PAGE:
The arrival of a new Nintendo console is always an exciting prospect; the company take great pride in their creative genius and (in their 30 year video game career) have constantly wowed fans across the world. The Wii U is another step in this direction, and whilst they have adapted some of Apple’s popular designs they are also busy leading motion capture, and the games industry, towards an exciting future. Read on to find out the details.
The Wii U is now available all across the world, having first appeared in America on the 18th of November 2012. Just one look at the console and it’s obvious what the selling point is; the Wii U’s GamePad controller (pictured below). This is perhaps the first time customers will be buying a games console purely for the control pad! Although the Wii U’s predecessor, the Wii – released in 2006, reinvented games with its motion orientated controls, the concept was soon mimicked by other firms. Ultimately the Wii lost its main selling point and sales didn’t threaten Sony or Microsoft’s more powerful machines. Nintendo now intend to stop all that with its ambitious new approach.; combing their legendary games with the Wii’s popular motion controls, along with Apple’s familiar designs.
The GamePad has a built-in 9-axis motion sensor (3-axis gyroscope, 3 axis0 accelerometer, and a 3-axis geomagnetic sensor), stereo speaks and a microphone, a front-facing camera, IR sensor strip, Infrared Transceiver, Headphone jack, a 6.2 inch, 16:19 resistive touch screen, a stylus, a rumble feature, and wireless communication with console. It’s a busy little machine and one with a unique selling point; you don’t have to play your games solely on the TV screen anymore. Take your GamePad wherever you want with you around your house or flat; now you can lie in bed and play the latest Super Mario! It’s an escapist’s dream come true.
The console itself (pictured above with the GamePad) offers a powerful step in the next generation of games consoles. It has a CPU: IBM PowerPC 750-based tri-core processor. This goes along at 1.24GHz. The Graphics Processing Unit is an AMD Radeon High Definition. It has been “clocked” at 550 MHz. The Wii U also (depending on which version you buy) comes with up to 32 GB of memory for your downloading activities; this will involve games mainly, but movies and music are, naturally, possible.
Video power is also at 1080p HD. It’s a big step forwards for Nintendo as the Wii was notoriously underpowered. For the time being (until Sony and Microsoft release their new consoles later in 2013) the Wii U will also be the most powerful console on the market. It also boasts an impressive set of games (24 already), many of which have gained great acclaim. There is also the exciting prospect of Nintendo’s (arguably the best games developers in the world) next wave of popular franchises; Mario, Zelda, Metroid, Mario Kart. All of these would be very welcome.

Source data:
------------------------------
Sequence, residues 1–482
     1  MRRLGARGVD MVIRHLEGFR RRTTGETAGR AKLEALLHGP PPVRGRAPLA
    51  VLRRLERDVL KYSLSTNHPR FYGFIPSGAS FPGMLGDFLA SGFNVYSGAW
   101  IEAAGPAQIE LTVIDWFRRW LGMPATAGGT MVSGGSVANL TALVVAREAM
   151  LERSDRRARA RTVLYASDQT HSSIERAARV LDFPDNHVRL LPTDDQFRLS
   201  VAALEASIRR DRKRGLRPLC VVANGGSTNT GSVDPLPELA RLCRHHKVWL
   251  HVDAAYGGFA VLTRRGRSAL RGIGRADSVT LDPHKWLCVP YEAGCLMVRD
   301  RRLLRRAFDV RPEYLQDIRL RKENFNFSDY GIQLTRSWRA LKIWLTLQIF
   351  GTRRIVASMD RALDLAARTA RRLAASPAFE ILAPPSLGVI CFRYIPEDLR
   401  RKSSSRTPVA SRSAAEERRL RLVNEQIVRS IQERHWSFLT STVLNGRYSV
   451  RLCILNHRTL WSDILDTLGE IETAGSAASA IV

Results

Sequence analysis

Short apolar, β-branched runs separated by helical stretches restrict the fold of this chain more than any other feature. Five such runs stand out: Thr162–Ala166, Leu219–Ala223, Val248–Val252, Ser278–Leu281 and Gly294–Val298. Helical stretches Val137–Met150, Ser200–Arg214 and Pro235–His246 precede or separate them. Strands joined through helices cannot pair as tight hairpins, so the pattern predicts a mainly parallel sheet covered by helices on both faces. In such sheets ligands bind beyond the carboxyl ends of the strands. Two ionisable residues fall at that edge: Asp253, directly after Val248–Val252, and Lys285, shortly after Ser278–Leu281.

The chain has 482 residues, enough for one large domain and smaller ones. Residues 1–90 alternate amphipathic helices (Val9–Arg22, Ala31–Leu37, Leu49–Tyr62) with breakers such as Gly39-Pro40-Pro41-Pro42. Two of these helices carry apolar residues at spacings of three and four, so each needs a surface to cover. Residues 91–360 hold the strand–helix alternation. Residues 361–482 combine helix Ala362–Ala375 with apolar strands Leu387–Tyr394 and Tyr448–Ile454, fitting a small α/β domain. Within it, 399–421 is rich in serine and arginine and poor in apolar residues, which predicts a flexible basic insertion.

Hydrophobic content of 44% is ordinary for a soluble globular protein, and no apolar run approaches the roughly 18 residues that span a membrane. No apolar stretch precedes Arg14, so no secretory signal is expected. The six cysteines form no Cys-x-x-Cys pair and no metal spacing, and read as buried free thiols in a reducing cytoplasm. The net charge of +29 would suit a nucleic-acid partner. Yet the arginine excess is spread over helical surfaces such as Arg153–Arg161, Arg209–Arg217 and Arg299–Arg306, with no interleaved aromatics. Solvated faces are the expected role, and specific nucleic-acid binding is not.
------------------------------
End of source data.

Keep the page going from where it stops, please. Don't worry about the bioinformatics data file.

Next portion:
The Wii U is backwards compatible with all of the Wii’s games and peripherals so if you’re new to Nintendo, or an existing customer, you’re not missing out on the last half a decade of excellent titles. You’ll also be able to down load old Nintendo classics via the NetFront browser engine.
Creativity and Apps
As mentioned the controller allows you to wander off with your game displayed on the condensed screen, rather than being restricted to your TV screen. However, the GamePad offers other elements to the experience. It’s early days yet, but so far, in games such as ZombiU, players can lift the controller upwards to get a sniper’s view from a gun – via screen. With this you can save the world from zombies. There are a myriad of ways the screen can be used and, in the coming years, it is up to the most creative designers to utilise this in radical ways. Nintendo’s success really hinges on how they develop this over the next 12 months.
There will, also, be apps to download. The iPad styled touch screen will be the central hub for this. Already Google and Nintendo have teamed up and there will be an interesting Google Maps app (pictured above); using the GamePad you will can take up the Streetview tool and waltz around the streets with the controller’s motion controls. Meantime you can keep an eye on the overhead satellite view on your TV. Naturally there will also be more traditional apps; Netflix, YouTube, LoveFilm, Hulu, food services, mini games, etc. All will be downloadable onto the Wii U.
It’s an intriguing little console packed full of potential, and so far Nintendo are delivering the goods.